Solution: If you feel you must get feedback, do not ask for “feedback” to feed your ego–rather for the good of the book. Plan two focus group sessions, and carefully invite your key supporters, along with your book publishing coach to moderate. In the first focus group session, share your original unedited manuscript, and ask people to report back within 7-10 days with their ideas and positive feedback. After that, move on with your book publishing project. Self-publishing a book has a timeline, and you must stay on track to get it done. You may also create a focus group later, for the book cover, and again give people 7-10 days for their reaction, and then move on. This is the biggest mistake that rookies make when self-publishing a book. Looking for support, and complements, and an ego boost, can ultimately sabotage your book project.


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Is Self-Publishing a Book Profitable?

Publishing a Book Digitally 

By Deborah S. Nelson

Tablet computer color splashNow that digital publishing has entered the playing field of the World Wide Web, a new question arises over the horizon of online book publishing. Is it possible to make money when publishing a book? In this article we address the question for those considering entering the ring of digital book publishing.


Self-Publishing

Book Publishing reaches back into history; and traditionally was an expensive venture to enter. The printing press was a pricey piece of equipment in the first place, as was the set-up involved in printing just one book. This required an up-front investment for printing at least 10,000 books to make one book affordable. See the video below which explains in more

detail the difference between digital publishing and traditional publishing.

Now that digital publishing allows any of us to print just one book affordably, that makes self-publishing doable for a one person enterprise.

Money Required for Publishing a Book

Before we can talk about making money in publishing a book, we need to talk about the costs involved to get started.  Since expensive printing equipment or set-ups are not required, that means anyone with a simple computer and an idea for a book can enter the playing field of book publishing. With no large investment required, the potential profit margin obviously skyrockets.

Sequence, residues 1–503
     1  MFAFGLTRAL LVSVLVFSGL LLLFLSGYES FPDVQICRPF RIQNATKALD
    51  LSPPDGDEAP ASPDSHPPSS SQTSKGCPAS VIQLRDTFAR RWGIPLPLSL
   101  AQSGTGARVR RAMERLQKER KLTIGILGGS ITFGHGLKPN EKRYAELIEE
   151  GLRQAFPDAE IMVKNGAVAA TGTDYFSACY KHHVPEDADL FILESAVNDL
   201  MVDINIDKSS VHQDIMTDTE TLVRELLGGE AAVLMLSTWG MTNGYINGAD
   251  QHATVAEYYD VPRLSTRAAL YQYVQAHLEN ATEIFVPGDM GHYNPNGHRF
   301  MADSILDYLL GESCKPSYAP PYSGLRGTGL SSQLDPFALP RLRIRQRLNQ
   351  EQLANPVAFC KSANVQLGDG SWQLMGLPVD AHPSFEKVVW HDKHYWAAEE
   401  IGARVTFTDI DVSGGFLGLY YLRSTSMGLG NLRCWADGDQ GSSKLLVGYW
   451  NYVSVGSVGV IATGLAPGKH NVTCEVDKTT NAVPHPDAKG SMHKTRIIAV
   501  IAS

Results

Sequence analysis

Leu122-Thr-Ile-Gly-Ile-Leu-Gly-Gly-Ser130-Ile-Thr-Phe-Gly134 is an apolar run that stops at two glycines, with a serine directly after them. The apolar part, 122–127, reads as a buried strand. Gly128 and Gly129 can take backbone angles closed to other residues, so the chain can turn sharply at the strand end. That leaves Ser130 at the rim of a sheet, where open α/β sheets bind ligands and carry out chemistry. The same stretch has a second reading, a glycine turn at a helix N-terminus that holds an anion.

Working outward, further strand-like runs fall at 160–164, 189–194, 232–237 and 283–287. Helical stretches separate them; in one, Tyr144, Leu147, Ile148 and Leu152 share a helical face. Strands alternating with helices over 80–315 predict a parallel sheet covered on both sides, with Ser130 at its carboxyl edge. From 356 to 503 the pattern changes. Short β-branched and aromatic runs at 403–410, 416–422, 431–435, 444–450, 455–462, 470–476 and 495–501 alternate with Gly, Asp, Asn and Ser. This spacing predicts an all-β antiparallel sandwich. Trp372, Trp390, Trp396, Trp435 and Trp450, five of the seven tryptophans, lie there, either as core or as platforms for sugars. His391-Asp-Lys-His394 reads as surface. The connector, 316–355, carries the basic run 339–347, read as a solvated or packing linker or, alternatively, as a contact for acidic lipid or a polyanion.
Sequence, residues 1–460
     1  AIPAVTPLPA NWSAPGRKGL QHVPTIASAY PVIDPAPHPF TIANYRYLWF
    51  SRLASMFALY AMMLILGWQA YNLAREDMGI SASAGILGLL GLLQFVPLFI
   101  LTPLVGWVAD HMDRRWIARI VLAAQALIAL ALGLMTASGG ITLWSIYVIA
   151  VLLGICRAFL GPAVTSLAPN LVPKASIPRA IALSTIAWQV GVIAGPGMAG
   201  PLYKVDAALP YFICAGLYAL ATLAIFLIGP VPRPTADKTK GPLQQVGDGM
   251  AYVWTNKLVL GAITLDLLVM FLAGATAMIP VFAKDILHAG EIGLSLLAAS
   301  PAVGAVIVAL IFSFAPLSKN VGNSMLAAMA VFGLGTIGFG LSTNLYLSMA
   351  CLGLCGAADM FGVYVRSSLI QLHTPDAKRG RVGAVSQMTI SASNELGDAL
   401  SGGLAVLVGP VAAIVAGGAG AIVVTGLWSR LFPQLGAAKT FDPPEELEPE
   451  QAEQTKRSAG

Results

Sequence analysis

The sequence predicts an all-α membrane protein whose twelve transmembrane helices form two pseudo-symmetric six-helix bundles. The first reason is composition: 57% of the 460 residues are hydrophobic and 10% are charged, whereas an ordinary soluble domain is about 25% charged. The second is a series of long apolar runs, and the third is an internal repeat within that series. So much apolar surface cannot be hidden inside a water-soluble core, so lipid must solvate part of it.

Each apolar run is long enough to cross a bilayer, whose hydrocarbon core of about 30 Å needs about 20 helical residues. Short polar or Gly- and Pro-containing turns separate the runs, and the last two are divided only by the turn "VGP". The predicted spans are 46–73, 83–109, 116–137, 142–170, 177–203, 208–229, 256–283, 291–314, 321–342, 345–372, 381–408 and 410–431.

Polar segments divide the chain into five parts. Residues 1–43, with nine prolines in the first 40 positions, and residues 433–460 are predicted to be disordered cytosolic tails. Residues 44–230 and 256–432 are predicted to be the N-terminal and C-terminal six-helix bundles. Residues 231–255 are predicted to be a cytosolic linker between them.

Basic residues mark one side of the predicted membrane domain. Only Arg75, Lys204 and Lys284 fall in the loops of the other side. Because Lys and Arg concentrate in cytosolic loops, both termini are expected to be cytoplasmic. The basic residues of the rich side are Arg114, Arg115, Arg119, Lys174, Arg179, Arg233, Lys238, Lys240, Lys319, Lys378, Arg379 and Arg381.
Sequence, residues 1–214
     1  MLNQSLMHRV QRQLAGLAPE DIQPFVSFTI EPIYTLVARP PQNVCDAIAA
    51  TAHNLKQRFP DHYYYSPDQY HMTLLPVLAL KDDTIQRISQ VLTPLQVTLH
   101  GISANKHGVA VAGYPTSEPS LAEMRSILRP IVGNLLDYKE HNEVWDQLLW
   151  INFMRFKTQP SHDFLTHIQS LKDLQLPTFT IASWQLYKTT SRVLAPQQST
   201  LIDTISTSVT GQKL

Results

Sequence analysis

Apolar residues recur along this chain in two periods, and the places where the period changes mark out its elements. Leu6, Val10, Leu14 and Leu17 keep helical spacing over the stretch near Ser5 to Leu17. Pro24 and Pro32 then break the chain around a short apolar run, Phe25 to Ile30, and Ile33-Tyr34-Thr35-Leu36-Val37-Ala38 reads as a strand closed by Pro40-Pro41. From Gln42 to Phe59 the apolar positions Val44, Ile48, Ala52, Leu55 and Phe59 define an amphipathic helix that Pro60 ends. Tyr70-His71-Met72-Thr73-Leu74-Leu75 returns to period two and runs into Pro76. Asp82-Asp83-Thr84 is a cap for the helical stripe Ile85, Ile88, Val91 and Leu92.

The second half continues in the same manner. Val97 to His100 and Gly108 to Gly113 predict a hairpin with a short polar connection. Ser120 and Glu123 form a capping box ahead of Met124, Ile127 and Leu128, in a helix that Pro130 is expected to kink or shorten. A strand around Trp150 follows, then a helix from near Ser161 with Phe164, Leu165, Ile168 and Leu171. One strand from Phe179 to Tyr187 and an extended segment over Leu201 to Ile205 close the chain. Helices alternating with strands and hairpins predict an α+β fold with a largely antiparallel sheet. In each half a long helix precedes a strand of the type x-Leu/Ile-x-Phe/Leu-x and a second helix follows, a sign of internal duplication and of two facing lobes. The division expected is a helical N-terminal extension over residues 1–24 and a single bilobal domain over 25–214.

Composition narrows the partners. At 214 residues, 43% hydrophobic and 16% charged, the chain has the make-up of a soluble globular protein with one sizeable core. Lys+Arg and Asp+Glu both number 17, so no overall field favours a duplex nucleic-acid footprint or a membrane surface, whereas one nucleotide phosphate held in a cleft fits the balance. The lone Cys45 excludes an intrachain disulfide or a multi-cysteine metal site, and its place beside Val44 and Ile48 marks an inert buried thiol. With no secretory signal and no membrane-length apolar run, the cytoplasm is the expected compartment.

However, expect to put in a great deal of sweat equity, or pay for labor costs involved in preparing the digital file for publication. To find out more details about the exact costs involved in  publishing a book, here’s an article entitled Real Self-Publishing Costs to Publish a Book to get a detailed analysis of initial costs involved.

The Millions Made by Publishing a Book with Digital Publishing

Digital publishing equipment has made a new self publisher era possible. No longer considered ‘vanity publishing,” many successful traditionally published authors are getting excited about the size of their royalties made by publishing a book themselves. Take Barbara Freethy, for instances, Author of 34 novels including the Wish series and first author on Kindle and Nook to sell one million books. She has been writing for 20 years, and was published through four different publishing houses. Freethly is now self-publishing. “Once I saw how well my self-publishing books were doing and how much more attention and focus I could put on my own books, it was a pretty easy decision [to continue self-publishing] because those books have been doing so much better,” Freethy comments.

Amanda Hocking has made millions with her romance series with on e-book platforms as well. Considering now that the self-publishing industry is estimated as a 52 million dollar industry in 2012, there is certainly big money to be made in publishing a book. This is true now, more than ever, especially when self-publishing figures appear to be eclipsing traditional book publishing numbers many times over.

Amanda Hocking and Barbara Freethy are just two of the most well-known millionaire authors; and this article barely scratches the surface. Huffington Post Live has a comprehensive video interview which interviews the some of today’s most successful self-published authors. With the publishing playing field leveled they interview Hugh Howey, Darcy Chan, Bella Andre, Jasinda Wilder, all New York Times Best Selling authors, and all approaching 1 million or more in book sales. With royalties what they are in self-publishing, you can bet those sales numbers has brought each of these authors millionaire status.


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Alert: Avoid Wrong Turns in Self-Publishing

Self-Publishing Companies to Avoid

Self-Publishing Companies to Avoid

As a self-publishing coach, I am often asked what are the self-publishing companies to avoid. What are the worst “self-publishing” companies? How can I make money in self-publishing without overspending or getting caught up with scam self-publishing companies?